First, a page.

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Impromptu Peace; Army Unit Holds First Amnesty Talks With Contra Group

August 26, 1989

MANAGUA, Nicaragua (AP) _ An army unit and a Contra guerrilla group drew guns when they met in northern Nicaragua but decided to hold an informal half-hour peace parley that included an exchange of cigarettes.

It was the first known talks between Sandinista army and Contra groups since the signing of a regional accord signed this month in Honduras to dismantle the Nicaraguan rebel force.

An army unit commanded by Lt. Bernardo Diaz nearly ran into the Contra group on a dirt road near the Honduran border Thursday afternoon, said photographer Ruben Farina, the only journalist present.

″Diaz shouted for everybody to hit the dirt, but at the same time he was yelling at the Contras that he did not want any shooting,″ Farina said.

″The Contras were yelling the same thing: that nobody wanted to shoot, just talk. Those were pretty tense moments.″

Eventually, after placing safety catches on weapons, Diaz and the leader of the guerrilla squad, Marlon Moreno Espinoza, apparently convinced each other of their good intentions.

″The decisive point in lowering the tension was when the Sandinista soldiers started offering cigarettes to the Contras,″ said Farina, who was working for The Associated Press.

″From there on, the two sides sort of mingled - still being careful, though - and started talking to each other in small groups.″

Rebel commander Danilo ″Wilmer″ Peralta had requested a meeting Thursday morning with a Saninista unit near Los Manchones, about 150 miles north of Managua, but his detachment failed to show up, Farina said.

The 20 government troopers then moved north. They ran into the 30 Contras several hours later at a bend of the road.

Farina said the 30-minute meeting ended with Moreno telling Diaz that he would consult with Peralta and other superiors about accepting amnesty and promising to make contact again next week.

Diaz gave the Contras copies of the accord to dismantle the Contras signed Aug. 7 in Tela, Honduras by the presidents of Costa Rica, El Salvador, Guatemala, Honduras and Nicaragua.

A U.N. observer group established at the behest of the Central American presidents is to oversee the dismantling and repatriation or relocation, an operation that should begin within two weeks and be completed by Dec. 5.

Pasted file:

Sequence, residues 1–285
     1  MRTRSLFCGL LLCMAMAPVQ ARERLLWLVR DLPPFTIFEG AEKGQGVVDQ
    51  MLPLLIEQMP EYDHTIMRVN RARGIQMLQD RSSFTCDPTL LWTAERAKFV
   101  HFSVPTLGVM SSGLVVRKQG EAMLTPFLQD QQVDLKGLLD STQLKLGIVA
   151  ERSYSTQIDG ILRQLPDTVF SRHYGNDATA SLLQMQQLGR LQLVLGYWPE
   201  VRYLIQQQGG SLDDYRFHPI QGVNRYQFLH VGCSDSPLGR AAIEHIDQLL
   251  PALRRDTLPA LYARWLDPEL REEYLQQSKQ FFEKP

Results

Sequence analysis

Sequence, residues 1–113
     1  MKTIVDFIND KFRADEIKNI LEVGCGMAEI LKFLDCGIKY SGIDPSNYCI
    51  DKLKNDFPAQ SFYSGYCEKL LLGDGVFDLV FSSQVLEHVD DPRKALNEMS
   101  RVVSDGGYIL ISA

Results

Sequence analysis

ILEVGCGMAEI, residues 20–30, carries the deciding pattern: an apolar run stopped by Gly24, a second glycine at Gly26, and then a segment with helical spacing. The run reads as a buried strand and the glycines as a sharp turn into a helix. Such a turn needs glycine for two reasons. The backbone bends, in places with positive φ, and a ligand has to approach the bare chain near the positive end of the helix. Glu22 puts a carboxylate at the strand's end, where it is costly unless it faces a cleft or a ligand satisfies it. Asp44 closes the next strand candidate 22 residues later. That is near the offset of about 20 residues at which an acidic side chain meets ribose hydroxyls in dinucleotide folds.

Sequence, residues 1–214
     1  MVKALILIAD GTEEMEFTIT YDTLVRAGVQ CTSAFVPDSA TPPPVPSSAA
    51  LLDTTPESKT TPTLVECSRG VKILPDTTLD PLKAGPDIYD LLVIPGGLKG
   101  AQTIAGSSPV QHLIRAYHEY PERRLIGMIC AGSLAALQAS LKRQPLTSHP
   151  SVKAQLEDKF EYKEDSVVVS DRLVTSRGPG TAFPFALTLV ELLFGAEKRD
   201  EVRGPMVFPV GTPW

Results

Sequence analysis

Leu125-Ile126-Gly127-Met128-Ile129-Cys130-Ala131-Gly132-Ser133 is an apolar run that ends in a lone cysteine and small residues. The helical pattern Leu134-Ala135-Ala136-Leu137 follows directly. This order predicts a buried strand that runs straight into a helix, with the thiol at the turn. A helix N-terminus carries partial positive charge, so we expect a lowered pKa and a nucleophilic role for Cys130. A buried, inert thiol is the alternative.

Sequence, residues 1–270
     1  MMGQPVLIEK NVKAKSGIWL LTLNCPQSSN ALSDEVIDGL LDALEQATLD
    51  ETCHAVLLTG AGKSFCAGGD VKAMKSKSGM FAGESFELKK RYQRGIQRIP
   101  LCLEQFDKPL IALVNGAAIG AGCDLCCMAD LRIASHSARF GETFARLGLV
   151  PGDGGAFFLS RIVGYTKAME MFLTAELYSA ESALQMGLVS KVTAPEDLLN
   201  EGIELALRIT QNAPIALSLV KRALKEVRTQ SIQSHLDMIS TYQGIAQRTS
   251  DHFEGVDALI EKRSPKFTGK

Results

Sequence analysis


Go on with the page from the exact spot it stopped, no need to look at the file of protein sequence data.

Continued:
Most Contras - an estimated 10,000 - have been encamped in southern Honduras near the Nicaraguan border since their leaders signed a temporary cease-fire with the Nicaraguan government in March 1988. But pockets of Contras remain in northern Nicaragua and in central Chontales province staging scattered attacks.

Diaz commands the Sandinista army ″Quilali″ reserve battallion of the 311th Brigade. Moreno heads a Contra batallion also called ″Quilali.″

Quilali is the name of a town in northern Nueva Segovia province, and the meeting took place about six miles north of the town.

Farina said the Contras appeared to know little of the regional accord, which Diaz explained to them.

After Diaz distributed the copies of the accord, the Contras left, looking over their shoulders as they disappeared into the bush.

Barricada, the official newspaper of the ruling Sandinista National Liberation Front, on Saturday said more than 400 Contras have left their camps in Honduras and are trying to return to Nicaragua.

The daily quoted Jose Tomas Osorio Umanzor, whom it described a seven-year Contra veteran, as saying more than 400 rebels had deserted and were wandering around the border trying to enter Nicaragua.

Osorio returned to Nicaragua through the Nicaraguan border town of Las Manos, in Nueva Segovia Province, on Wednesday, according to Barricada.

The Nicaraguan Red Cross has set up border offices to receive Nicaraguans who want to return.

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